Jan 29, 2001, Vol. 6, No. 19 • By BRIAN MURRAY
In Rockne (which memorably featured Ronald Reagan as the legendary halfback, George Gipp), Notre Dame's most famous coach is idealized as a warm but demanding teacher who insisted that, at the end of the day, football recognizes that "the finest work of man is building the character of man." At Notre Dame, "we've tried to build courage, initiative, tolerance, and persistence, without which the most educated brain is not worth very much." Varsity Blues offers, instead, Coach Bud Kilmer, a cool sadist who cares only about burnishing his image in the annals of Texas football. Kilmer demeans and intimidates his players and, like his counterparts in North Dallas Forty, eases their access to performance-enhancing drugs. Varsity Blues has proved popular with students, perhaps because they find in Kilmer a satisfying portrait of every jerk coach and gym teacher they've ever known. But more discriminating viewers will find the film -- part Porky's, part Dawson's Creek -- an unwatchable parade of cinematic cliches.
In some ways, Oliver Stone's Any Given Sunday (1999) is similarly trite. Football films of recent vintage are filled with shots of savage hits and grunting linemen, tension-breaking cuts to cheerleaders showing plenty of cleavage, and locker-room glimpses of naked guys snapping towels. Stone's film features all of these, as well as a continuous stream of self-consciously arty shots, as if Stone hoped to distract us from his well-weathered plot and stock characters: the crazed linebacker, the crusty coach, the aging quarterback, and the brash kid eager to take his place. Stone also gives us a corrupt, drug-dispensing team doctor and an arrogant owner for whom football players are livestock. And finally, there's the dramatic, season-closing big game.
Never a subtle filmmaker, Stone contends that professional football bears striking similarities to ancient Rome's gladiatorial games. For Stone, team owners are imperious and crass, happy to provide the hordes with a bloody spectacle that can leave its combatants paralyzed or -- as the film's most gruesome scene suggests -- without an eye. Players, too, are an insipid and ruthless lot, driven mainly by a malignant lust for money and fame. Twenty years have passed since the release of North Dallas Forty, but Stone leaves the impression that nothing has changed.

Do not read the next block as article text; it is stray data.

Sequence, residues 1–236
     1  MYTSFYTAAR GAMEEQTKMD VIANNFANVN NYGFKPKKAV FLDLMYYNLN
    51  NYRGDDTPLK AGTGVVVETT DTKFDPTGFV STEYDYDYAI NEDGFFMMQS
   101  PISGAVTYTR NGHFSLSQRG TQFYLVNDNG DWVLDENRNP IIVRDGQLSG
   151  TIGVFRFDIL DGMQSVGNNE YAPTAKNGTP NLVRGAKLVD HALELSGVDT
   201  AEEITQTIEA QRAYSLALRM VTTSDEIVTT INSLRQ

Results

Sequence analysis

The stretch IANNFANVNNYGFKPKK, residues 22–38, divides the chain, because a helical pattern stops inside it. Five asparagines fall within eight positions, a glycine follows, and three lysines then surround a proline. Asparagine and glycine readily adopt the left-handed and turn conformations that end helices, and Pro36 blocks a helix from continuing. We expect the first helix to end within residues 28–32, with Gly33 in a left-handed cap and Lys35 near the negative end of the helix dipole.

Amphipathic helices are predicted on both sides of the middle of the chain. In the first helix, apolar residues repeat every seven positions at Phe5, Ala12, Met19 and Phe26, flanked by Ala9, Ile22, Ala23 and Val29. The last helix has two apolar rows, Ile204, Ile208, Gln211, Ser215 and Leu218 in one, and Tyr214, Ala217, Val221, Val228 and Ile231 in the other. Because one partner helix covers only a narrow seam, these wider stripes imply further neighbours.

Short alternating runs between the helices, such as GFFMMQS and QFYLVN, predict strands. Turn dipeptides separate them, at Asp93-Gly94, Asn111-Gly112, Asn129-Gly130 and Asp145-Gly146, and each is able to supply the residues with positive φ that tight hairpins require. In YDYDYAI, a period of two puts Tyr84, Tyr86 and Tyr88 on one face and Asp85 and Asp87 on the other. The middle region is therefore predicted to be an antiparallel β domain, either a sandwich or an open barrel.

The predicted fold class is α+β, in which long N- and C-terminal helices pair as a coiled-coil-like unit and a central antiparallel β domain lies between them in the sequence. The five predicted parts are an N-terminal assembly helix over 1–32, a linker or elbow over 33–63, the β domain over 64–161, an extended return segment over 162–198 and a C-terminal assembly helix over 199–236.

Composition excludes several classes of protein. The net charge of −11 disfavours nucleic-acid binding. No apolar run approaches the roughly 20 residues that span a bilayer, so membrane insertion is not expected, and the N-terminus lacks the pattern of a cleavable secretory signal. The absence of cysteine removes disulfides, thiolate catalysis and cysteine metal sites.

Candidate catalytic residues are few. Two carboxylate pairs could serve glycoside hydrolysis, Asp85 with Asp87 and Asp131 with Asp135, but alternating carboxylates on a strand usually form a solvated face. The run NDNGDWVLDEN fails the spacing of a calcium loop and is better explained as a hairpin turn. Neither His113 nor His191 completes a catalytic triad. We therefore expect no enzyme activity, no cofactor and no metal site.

Still, Any Given Sunday is probably the best football movie yet made, carried by its predictable but still somehow compelling plot and the deft casting of Al Pacino as head coach Tony D'Amato. Pacino plays a man who cut his teeth some thirty years ago, back when Starr and Unitas and Hornung still played and Vince Lombardi roamed the sidelines. D'Amato isn't completely out of touch. He accepts the fact that his players, weaned on hip-hop and heavy metal, prefer to dress off field like Barbary pirates; the day has long passed when a coach like Lombardi could order his players to act "like the most dignified professional in your hometown." But D'Amato believes in football's old-fashioned, Lombardian fundamentals: solid teamwork, granite linemen, strict discipline, and a running game with all the subtlety of a Sherman tank.
Stone depicts D'Amato without irony and with considerable sympathy. Indeed, although in such films as Nixon and JFK Stone made himself famous for attacking American institutions, he has also shown a certain fondness for characters who exhibit time-honored American values. Like Carl Fox, the resolute airline mechanic who emerges as a hero in Stone's Wall Street, D'Amato instinctively disdains hype and flash; he seals deals with his handshake, treasures loyalty, and believes a man is only as good as his word. Stone rewards D'Amato, leaving him triumphant in the end, a flawed but fundamentally solid figure still willing to press on in a sport sullied by corruption and excess.
What's next for professional football? Given current trends, it might look increasingly like the XFL, a new professional league that debuts on NBC in early February. The XFL is the brainchild of wrestling impresario Vince McMahon, who argues that the NFL isn't violent enough -- despite the endless stream of injuries, the epidemic concussions and blown knees. From the sound of it, McMahon's eight-team league will stress aggression, melodrama, and theatricality; its televised games will be Monday Night Football meets Survivor meets Mad Max. Thus the XFL will feature, among other things, "Playboy-caliber cheerleaders" and the commentary of Minnesota's governor, the honorable ex-wrestler Jesse Ventura.
Unlike the NFL, it will permit mikes and cameras everywhere: in the locker room as well as on the field. Needless to say, the XFL will encourage its players to talk trash and cavort as they wish. It will, however, eliminate the fair catch and the point-after kick and set up a time clock to make the action go faster. The XFL, like McMahon's World Wrestling Federation, is aimed at television's most coveted viewers, eighteen- to twenty-four-year-old males. And what they supposedly want, the XFL is set to deliver: violence, speed, and sexy cheerleaders.
The XFL is no sure thing. Other NFL rivals have come and gone. But McMahon has made a fortune estimating public taste. If the XFL does succeed, the NFL will be compelled to follow suit. And then it's Lombardi be damned. On any given Sunday, the National Football League will look like the World Wrestling Federation: a Playstation game designed by P. T. Barnum.
Brian Murray teaches writing at Loyola College in Maryland.